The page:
On the subject of identity – altered here to be personal agency and control (suitable for the time and setting) – it’s well structured. The question as to whether or not Ròsa is at all truly meek, an obedient wife, and in various meanings of the idea, is looked at throughout to great effect, in itself a possible further nod to Du Maurier’s tale – however Ròsa has more leave to change her circumstances than Max’s wife ever did. Lea’s choices of history and place lend themselves well to the study, weaving in tradition and culture from the northern island nation, allowing perhaps for a stronger backdrop to the subjects at hand.

The further use of the classical works cannot be discussed without spoiling Lea’s story; suffice it to say the parallels become weaker at points but also stronger at others, and Lea’s situation as a writer in the 21st century allows for much more. The author is excellent at making you constantly question where she is taking her tale.

Other themes, somewhat related but far more the novel’s own, are the ideas of fragility and purity. These are looked at frankly in dialogue, but perhaps best in the element of the glass woman itself, an ornament Ròsa receives from her husband. There is a lot to be said for symbolism in the novel.

So the novel is thrilling in a good few ways, ‘inherited’ and brand new alike. The style and structure of the book aids in this; there are two narratives – Ròsa’s, told in the third person, and Jòn’s, told in the first person and set a month after that of his wife’s. It is a constant – and intriguing – quest for the reader to work out what has gone on; you’ve got Ròsa’s tale wherein she becomes fearful of Jòn, and you’ve Jòn’s that speaks of a different character to the one you’ve come to expect; the study of perceptions and reality is good. Despite the short time lapse between the narratives and the knowledge of how you have to read them and sort the information, Lea only allows it to be easy once you’re past a certain point, and that point is near the end.

The Glass Woman is a highly interesting one; on the surface you have a novel that is full of the day-to-day necessarily repetitive routine in an isolated, work-dependent place, laced with a burgeoning mystery. But as to be expected, once you look under the surface – and the possibilities are plentiful in an icy place – you’ll find it’s anything but.

And you’ll leave 1600s Iceland, however much Ròsa’s story matches others of her time or not (I can’t pretend to have much knowledge in this respect), with not only a particular set of ideas to think about but also a new approach to some age-old literary ponderings.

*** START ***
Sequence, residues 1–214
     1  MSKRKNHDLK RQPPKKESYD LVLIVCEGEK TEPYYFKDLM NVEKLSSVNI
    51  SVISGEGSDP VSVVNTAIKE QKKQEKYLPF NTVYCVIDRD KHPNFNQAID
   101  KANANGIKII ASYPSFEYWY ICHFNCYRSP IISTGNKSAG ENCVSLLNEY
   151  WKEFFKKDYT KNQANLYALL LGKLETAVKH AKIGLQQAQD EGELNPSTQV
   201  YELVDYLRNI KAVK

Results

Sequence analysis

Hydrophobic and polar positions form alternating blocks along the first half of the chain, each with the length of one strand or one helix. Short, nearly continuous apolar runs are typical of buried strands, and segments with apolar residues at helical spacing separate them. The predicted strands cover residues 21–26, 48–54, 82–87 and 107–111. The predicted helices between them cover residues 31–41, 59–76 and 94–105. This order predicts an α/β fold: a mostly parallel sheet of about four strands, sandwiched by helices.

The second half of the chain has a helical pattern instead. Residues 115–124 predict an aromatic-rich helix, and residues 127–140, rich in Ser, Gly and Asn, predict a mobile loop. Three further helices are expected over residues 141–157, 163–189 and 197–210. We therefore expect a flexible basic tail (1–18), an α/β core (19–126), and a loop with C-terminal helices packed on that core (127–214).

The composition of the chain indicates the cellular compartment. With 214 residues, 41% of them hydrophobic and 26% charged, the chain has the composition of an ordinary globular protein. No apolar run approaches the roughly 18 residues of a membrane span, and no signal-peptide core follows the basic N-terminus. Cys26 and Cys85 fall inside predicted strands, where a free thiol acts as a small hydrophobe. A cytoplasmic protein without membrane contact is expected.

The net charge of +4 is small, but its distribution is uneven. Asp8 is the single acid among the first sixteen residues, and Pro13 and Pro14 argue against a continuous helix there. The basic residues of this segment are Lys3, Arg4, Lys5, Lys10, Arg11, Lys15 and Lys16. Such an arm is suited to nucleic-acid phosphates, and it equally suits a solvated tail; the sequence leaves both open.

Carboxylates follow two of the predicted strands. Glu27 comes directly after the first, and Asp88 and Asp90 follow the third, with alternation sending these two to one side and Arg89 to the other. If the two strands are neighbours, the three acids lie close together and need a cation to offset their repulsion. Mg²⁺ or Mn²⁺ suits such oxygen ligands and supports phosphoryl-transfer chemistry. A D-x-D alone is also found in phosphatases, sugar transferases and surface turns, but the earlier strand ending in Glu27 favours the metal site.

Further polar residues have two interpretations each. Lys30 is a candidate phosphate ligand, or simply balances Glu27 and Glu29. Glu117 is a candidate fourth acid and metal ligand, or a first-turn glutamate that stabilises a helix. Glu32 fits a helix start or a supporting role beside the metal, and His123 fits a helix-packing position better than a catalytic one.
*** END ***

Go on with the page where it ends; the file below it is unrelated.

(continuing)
Nancy Bilyeau – Dreamland + Podcast

Today’s podcast is with Nancy Bilyeau! Email and RSS subscribers: you’ll need to open this post in your browser to see the media player below.

Charlie Place and Nancy Bilyeau (The Crown; The Chalice; The Tapestry; The Blue; Dreamland) discuss the lifestyle of Dissolution-era nuns, using a website’s ‘contact me’ form to great success, there being more relics than there were items, using your family’s name in your work, and the grand amusement parks and luxury hotels of New York’s past.

To see all the details and transcript, I’ve made a blog page here. The episode is also available on iTunes, Spotify, and Stitcher. Lastly, you can also subscribe to the podcast via RSS.


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Ice cream, cotton candy, and crime.

Publisher: Endeavour Quill
Pages: 373
Type: Fiction
Age: Adult
ISBN: 978-1-911-44577-7
First Published: 16th January 2020
Date Reviewed: 11th January 2020
Rating: 5/5

Reluctant heiress Peggy is summoned away from the regular bookstore job she loves to attend her family’s holiday, staying in a luxury hotel not far from the amusement parks of early 1900s Coney Island. The Battenbergs have received a sudden invitation to join the mother and son with whom they hope to make an alliance via marriage, and with their own wealth in decline there’s no way they can refuse the offer. They go. But Peggy can’t resist the amusement parks her social class are supposed to stay away from, and when a girl’s body is found and she is amongst a crowd of onlookers, the distance between her circle and the families at the parks shortens considerably, even more so because Peggy’s interest in the other part of Coney Island leads her to meet a working class immigrant and park employee, forming a connection that is unthinkable.